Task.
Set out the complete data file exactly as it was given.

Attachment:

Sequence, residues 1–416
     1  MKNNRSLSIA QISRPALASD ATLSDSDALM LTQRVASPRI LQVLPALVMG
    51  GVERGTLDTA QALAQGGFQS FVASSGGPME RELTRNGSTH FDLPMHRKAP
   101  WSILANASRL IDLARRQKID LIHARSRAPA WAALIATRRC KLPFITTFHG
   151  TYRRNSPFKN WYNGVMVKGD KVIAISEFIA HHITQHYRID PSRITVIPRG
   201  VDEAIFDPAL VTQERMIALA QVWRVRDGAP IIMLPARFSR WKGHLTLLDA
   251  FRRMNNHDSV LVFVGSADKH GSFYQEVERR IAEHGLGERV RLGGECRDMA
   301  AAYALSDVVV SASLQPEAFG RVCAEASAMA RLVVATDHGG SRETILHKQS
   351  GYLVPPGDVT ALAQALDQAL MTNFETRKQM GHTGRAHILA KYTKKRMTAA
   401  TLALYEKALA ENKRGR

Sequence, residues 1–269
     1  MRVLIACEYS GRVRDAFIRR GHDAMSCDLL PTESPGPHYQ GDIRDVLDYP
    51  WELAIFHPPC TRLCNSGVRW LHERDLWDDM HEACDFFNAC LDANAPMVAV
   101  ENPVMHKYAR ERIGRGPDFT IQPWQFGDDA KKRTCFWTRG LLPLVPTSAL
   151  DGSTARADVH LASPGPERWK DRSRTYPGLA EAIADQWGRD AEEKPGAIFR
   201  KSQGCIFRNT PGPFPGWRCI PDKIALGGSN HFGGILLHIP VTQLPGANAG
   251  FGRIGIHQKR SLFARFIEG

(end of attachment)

Sequence, residues 1–416
     1  MKNNRSLSIA QISRPALASD ATLSDSDALM LTQRVASPRI LQVLPALVMG
    51  GVERGTLDTA QALAQGGFQS FVASSGGPME RELTRNGSTH FDLPMHRKAP
   101  WSILANASRL IDLARRQKID LIHARSRAPA WAALIATRRC KLPFITTFHG
   151  TYRRNSPFKN WYNGVMVKGD KVIAISEFIA HHITQHYRID PSRITVIPRG
   201  VDEAIFDPAL VTQERMIALA QVWRVRDGAP IIMLPARFSR WKGHLTLLDA
   251  FRRMNNHDSV LVFVGSADKH GSFYQEVERR IAEHGLGERV RLGGECRDMA
   301  AAYALSDVVV SASLQPEAFG RVCAEASAMA RLVVATDHGG SRETILHKQS
   351  GYLVPPGDVT ALAQALDQAL MTNFETRKQM GHTGRAHILA KYTKKRMTAA
   401  TLALYEKALA ENKRGR

Sequence, residues 1–269
     1  MRVLIACEYS GRVRDAFIRR GHDAMSCDLL PTESPGPHYQ GDIRDVLDYP
    51  WELAIFHPPC TRLCNSGVRW LHERDLWDDM HEACDFFNAC LDANAPMVAV
   101  ENPVMHKYAR ERIGRGPDFT IQPWQFGDDA KKRTCFWTRG LLPLVPTSAL
   151  DGSTARADVH LASPGPERWK DRSRTYPGLA EAIADQWGRD AEEKPGAIFR
   201  KSQGCIFRNT PGPFPGWRCI PDKIALGGSN HFGGILLHIP VTQLPGANAG
   251  FGRIGIHQKR SLFARFIEG